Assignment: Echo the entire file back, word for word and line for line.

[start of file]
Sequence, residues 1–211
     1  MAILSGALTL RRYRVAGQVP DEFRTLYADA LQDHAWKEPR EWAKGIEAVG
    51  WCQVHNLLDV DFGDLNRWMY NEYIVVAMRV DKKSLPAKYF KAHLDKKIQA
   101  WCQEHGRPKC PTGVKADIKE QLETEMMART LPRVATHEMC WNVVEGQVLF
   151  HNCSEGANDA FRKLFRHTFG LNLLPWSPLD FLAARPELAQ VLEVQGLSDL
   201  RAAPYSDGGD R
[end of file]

Sequence, residues 1–211
     1  MAILSGALTL RRYRVAGQVP DEFRTLYADA LQDHAWKEPR EWAKGIEAVG
    51  WCQVHNLLDV DFGDLNRWMY NEYIVVAMRV DKKSLPAKYF KAHLDKKIQA
   101  WCQEHGRPKC PTGVKADIKE QLETEMMART LPRVATHEMC WNVVEGQVLF
   151  HNCSEGANDA FRKLFRHTFG LNLLPWSPLD FLAARPELAQ VLEVQGLSDL
   201  RAAPYSDGGD R